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Now it’s not just New Orleans—several other cities have begun to think about removing the old symbols of white supremacy and racism.
Just in the past two years, various local and state governments across America have removed, destroyed or renamed more than 60 publicly-funded depictions of the Confederacy. The Southern Poverty Law Center says this trend accelerated after the 2015 massacre by a white supremacist of nine black parishioners in a Charleston, South Carolina church. Several cities, counties and states that prominently flew the old Confederate battle flag—the “Stars and Bars”—have taken those flags down and put them in museums.
In May of 2017, just as one example of this trend, the City of Charlottesville, Virginia decided to remove a prominent statue of Robert E. Lee, the Confederate General. The City Council there voted to put General Lee and his bronze horse up for sale to the highest bidder. They also decided to change the names of Lee and Jackson parks in the city, named for the General and another Confederate, Thomas “Stonewall” Jackson.
Controversy ensued. Public protests broke out, both for and against removing Lee’s statue. A group of residents sued, sending the ultimate decision to the courts. A so-called “alt-right” white supremacist group carried torches in their protest against the statue’s removal, purposely evoking images of past Ku Klux Klan rallies. The controversy became national and even international news, and one opinion piece in the New York Times editorial pages commented:
The white supremacist protest in Charlottesville, Va., this month over a plan to remove a statue of Robert E. Lee, the Confederate general, shows how this is likely to go. The marchers feigned civility. But a closer look shows that the protest drew on the toxic symbolism of the Third Reich in ways that few Americans would recognize.
By wielding torches in a protest staged by night, the demonstrators nodded to Nazi rallies held during the 1930s at Nuremberg, where the open flame was revered as a mystical means of purifying the Aryan spirit. They reinforced this toxic connection by chanting “blood and soil,” a Nazi-era slogan that connected German ethnic purity to cultivation of the land and, more broadly, to the notion that the “master race” was divinely entitled to confiscate the holdings of “lesser peoples,” even if it meant slaughtering them along the way.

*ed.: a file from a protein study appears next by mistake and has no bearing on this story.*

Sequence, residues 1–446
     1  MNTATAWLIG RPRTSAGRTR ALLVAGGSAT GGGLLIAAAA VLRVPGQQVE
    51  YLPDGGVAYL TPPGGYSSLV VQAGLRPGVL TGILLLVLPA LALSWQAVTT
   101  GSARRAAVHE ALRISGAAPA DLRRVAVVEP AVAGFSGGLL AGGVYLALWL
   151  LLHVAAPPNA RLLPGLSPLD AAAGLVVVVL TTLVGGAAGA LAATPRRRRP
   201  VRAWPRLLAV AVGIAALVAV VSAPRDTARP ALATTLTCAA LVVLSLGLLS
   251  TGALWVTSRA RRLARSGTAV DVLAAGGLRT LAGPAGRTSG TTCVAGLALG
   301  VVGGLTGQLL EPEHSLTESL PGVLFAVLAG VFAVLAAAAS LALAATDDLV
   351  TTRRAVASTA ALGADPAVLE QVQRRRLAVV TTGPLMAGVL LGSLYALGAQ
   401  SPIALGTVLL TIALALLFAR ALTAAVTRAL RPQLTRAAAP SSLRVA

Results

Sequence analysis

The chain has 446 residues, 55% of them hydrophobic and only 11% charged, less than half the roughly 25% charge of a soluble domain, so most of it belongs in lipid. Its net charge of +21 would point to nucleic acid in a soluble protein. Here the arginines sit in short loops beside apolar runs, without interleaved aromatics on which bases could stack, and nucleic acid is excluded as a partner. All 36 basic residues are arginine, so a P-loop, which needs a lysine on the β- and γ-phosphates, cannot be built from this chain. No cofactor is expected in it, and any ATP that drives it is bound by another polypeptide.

The demonstrators at Charlottesville … had no real interest in the civic or aesthetic value of the monument they ostensibly came to defend. The essence of their argument was that any attempt to renounce Confederate ideology by moving this—or any—monument would be an assault on the so-called white race.
Nazism and the tradition of American white supremacy that is memorialized in monuments throughout the South are the fruit of the same poisonous tree. In this light, the Confederate flag can legitimately be seen as an alternate version of the Nazi emblem. – Brent Staples, How the Swastika Became a Confederate Flag, The New York Times, May 22, 2017.
The next night, after the alt-right, neo-Nazi demonstration, a much larger demonstration took place—this one against hatred and bigotry, with hopeful candles burning rather than hateful torches.
Those symbols of hatred, no matter what their origin, all represent the repugnant, hideous idea that entire groups of people, because of their ethnicity or their nationality or their skin color, are evil. Of course, once that decision occurs in any culture, the supposedly “evil” ones become easier to single out, target and slaughter. In just about every historical instance, those symbols of hate define the first steps on the path to terror, murder and genocide.
The Baha’i teachings clearly and pointedly say that no human being has the right to see any other human being as evil—especially not for any racially-based bias:
We have no right to look upon any of our fellow-mortals as evil.
Concerning the prejudice of race: it is an illusion, a superstition pure and simple! For God created us all of one race. There were no differences in the beginning, for we are all descendants of Adam. In the beginning, also, there were no limits and boundaries between the different lands; no part of the earth belonged more to one people than to another. In the sight of God there is no difference between the various races. Why should man invent such a prejudice? – Abdu’l-Baha, Paris Talks, p. 148.
So yes, many cultures do have a heritage of hate. The whole Earth has been stained, throughout human history, with the blood of that inheritance. But that does not mean we must exalt or somehow glorify those who perpetrated such hatred, or prominently display their symbols for all to see.
So what’s the solution? If your city or town has a monument to hatred, violence or prejudice, what should you do about it? In the next essay in this series, we’ll explore a unique suggestion—originally made by the citizens of Charlottesville themselves—which may soon take hold in many places that have a history of hatred to face.